Inflammation is one of the body’s naturally occurring defense mechanisms – but when swelling becomes chronic, other more serious health issues can follow.
Two types of inflammation
First, it’s important to understand that there are two kinds of inflammation, acute and chronic.
In cases of acute inflammation, swelling increases rapidly. Your body, in an effort to fight off harm from trauma, toxins or infections, releases chemicals that trigger an immune-system response. Blood flow increases to the impacted area, as antibodies and proteins race toward the problem. Swelling might last for a few hours, or perhaps days in the case of severe pneumonia or cellulitis.
Chronic inflammation, however, leaves your body in a permanent state of alert. Research suggests that tissue and organs can be permanently damaged by these lengthy bouts with swelling: Inflammation has been linked to cancer, heart disease, Type 2 diabetes, asthma, rheumatoid arthritis and neurodegenerative diseases like Alzheimer’s. In the meantime, painful conditions like arthritis and atherosclerosis can also follow.
Symptoms of Chronic Inflammation
Symptoms of chronic inflammation include pain around the inflamed area, especially upon touch or movement. Redness and swelling may result; the area may also feel hot. A general sense of fatigue can set in.
Range of motion will decrease as inflammation persists. A constant and steady throbbing or pulsating may also be felt. Some patients experience fever, rashes, mouth sores, chest or abdominal pain in a range from mild to severe. Symptoms can last for months, or even years.
The Diagnostic Process
Chronic inflammation can be caused by untreated cases of infection or injury, as an acute response evolves into a long-term issue. People with autoimmune disorders are also at risk, as their body’s natural defense mechanism mistakenly attacks healthy tissue. Prolonged exposure to chemicals or pollutants can cause inflammation. Symptoms can be made worse by smoking, obesity, persistent stress and alcohol.
Chronic inflammation is diagnosed using blood tests. Making a final determination can be difficult, however, because these commonly observed issues don’t always cause the condition. In fact, some cases don’t seem to have a definitive underlying cause.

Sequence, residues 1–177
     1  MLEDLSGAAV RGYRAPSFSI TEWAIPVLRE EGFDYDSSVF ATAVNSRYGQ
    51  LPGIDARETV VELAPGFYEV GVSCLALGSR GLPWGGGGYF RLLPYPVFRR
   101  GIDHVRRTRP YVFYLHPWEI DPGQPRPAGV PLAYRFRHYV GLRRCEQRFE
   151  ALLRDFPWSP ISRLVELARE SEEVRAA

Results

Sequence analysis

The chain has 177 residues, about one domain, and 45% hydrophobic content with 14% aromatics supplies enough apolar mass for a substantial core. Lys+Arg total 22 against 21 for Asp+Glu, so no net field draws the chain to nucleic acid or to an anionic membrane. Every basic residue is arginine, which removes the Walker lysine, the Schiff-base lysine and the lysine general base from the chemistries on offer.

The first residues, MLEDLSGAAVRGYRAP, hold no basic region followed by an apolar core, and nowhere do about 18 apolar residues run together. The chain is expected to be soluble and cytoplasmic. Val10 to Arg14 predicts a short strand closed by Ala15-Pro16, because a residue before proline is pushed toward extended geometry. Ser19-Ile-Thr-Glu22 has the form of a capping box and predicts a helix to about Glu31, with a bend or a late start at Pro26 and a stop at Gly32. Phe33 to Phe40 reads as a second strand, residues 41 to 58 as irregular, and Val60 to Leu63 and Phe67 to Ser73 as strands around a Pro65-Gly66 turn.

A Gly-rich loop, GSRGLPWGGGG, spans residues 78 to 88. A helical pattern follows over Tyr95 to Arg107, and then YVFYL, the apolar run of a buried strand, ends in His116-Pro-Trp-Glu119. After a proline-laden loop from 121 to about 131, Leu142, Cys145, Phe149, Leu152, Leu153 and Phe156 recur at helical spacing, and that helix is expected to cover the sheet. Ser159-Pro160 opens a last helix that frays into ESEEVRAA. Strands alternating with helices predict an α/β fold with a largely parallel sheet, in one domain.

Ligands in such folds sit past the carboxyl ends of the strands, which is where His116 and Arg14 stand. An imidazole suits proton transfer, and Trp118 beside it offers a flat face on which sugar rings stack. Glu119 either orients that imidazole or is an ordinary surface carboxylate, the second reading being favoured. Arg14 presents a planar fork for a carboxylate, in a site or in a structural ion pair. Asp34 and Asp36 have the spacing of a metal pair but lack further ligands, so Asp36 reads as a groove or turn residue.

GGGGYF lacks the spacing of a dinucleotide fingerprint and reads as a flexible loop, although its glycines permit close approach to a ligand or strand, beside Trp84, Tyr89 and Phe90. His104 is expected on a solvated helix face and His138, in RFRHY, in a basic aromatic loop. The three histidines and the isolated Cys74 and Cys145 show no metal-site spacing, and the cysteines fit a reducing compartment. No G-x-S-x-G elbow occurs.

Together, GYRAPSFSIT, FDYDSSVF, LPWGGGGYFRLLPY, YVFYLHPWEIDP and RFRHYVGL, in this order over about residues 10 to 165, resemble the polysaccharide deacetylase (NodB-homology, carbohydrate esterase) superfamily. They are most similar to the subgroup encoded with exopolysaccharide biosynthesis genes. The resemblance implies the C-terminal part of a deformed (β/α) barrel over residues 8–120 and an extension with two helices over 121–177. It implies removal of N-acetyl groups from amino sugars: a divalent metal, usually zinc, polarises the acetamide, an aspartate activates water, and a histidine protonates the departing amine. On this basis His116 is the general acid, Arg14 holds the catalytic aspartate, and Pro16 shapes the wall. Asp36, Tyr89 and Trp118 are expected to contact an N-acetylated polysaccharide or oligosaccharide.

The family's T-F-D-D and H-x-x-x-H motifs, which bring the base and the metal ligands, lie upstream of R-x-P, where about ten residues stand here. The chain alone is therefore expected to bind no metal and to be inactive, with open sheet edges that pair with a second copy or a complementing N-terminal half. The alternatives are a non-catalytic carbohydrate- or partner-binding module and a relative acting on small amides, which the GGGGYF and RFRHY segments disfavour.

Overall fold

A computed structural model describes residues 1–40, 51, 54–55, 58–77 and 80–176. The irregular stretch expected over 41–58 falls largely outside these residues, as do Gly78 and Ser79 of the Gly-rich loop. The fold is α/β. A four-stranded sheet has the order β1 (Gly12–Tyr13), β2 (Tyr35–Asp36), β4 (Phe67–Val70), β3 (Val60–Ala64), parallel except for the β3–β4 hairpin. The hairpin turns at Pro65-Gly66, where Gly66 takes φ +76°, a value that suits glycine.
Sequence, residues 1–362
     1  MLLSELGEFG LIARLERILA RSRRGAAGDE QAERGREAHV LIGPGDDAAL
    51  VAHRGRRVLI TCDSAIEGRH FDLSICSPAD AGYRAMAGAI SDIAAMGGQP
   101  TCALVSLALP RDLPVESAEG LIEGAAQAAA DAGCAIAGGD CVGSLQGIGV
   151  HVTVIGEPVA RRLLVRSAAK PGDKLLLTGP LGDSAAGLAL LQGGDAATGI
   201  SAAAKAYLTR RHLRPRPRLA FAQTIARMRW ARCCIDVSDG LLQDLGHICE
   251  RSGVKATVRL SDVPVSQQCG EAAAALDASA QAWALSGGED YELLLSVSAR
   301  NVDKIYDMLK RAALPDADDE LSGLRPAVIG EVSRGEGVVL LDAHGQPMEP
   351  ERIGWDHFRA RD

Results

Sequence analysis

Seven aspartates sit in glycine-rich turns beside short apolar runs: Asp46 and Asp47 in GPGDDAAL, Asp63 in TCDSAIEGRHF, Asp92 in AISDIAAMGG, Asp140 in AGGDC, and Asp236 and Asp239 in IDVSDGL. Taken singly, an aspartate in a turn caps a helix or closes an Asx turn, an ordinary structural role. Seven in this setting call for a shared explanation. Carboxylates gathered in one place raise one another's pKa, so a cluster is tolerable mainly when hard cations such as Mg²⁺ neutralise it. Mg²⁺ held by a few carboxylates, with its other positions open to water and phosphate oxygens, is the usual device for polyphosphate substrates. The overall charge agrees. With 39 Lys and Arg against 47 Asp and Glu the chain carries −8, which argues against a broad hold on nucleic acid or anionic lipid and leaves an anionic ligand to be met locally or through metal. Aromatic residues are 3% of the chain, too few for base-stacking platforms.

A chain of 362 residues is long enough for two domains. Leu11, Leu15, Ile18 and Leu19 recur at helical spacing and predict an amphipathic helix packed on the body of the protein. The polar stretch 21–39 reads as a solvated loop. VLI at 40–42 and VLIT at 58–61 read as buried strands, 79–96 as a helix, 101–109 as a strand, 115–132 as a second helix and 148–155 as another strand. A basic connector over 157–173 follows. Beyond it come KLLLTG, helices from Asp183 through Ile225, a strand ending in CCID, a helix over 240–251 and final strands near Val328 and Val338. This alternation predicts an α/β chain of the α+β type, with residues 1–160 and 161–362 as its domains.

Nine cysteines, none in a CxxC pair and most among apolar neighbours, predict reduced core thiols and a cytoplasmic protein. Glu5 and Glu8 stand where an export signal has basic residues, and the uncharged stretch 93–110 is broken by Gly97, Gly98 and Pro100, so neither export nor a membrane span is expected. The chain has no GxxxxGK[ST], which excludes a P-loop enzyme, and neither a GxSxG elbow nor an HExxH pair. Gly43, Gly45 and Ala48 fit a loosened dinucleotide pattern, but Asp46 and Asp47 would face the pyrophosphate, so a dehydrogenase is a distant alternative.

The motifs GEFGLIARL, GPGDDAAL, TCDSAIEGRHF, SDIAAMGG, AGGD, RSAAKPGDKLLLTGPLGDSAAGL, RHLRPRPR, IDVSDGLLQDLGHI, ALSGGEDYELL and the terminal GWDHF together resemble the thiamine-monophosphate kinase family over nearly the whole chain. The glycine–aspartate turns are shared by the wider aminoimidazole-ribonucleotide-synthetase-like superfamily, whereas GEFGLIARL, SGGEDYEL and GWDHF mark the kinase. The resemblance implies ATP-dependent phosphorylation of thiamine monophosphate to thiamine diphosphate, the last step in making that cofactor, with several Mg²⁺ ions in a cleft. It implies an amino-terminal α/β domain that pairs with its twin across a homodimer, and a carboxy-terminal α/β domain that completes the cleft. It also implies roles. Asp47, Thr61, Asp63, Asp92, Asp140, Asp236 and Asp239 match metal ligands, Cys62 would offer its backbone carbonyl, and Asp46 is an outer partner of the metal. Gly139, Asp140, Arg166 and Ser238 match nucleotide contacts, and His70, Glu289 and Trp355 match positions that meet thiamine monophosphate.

Treatment of Inflammation
There are a variety of options – including medication, ultrasound guided injections, supplements, and an anti-inflammation-focused diet – for those suffering from chronic inflammation:
ultrasound guided injections
Patients with chronic inflammation usually see a decrease in inflammation and a reduction of pain with the treatment of ultrasound guided injections. The injections give quick relief from pain and consist of cortisone, a steroid-based anti-inflammatory. These steroids decrease inflammation by suppressing the immune system, and block nerves that send pain signals.
Ultrasound guided injections specifically target the inflamed area by delivering the medication to the precise spot with a small needle and local anesthetic. Corticosteroids promise increased range of motion, and localized pain relief, and the relief from one injection can last for weeks. There are some potential side effects, including vision problems, high blood pressure and osteoporosis, so doctors must weigh the risk with individual patients.
Nonsteroidal anti-inflammatory drugs ( NSAIDs)
Nonsteroidal anti-inflammatory drugs, or NSAIDs, are available in over-the-counter form as aspirin, ibuprofen (under brand names such as Advil), and naproxen (Aleve). While they are useful in reducing inflammation and help with pain, NSAIDS present a risk when used long term. There have been increased occurrences of ulcers and kidney disease.
Diet and Supplements
Olive oil, kale and spinach, fatty fish like salmon and sardines, nuts, cherries, oranges and blueberries are foods with anti-inflammatory properties. Certain vitamins may help. Chronic inflammation may also be relieved with the use of fish oil, lipoic acid and several spices, including ginger, garlic, and cayenne. While our understanding of the effectiveness of cannabidiol is still a work in progress, some early reports suggest herbal remedies like CBD oil may help with chronic inflammation.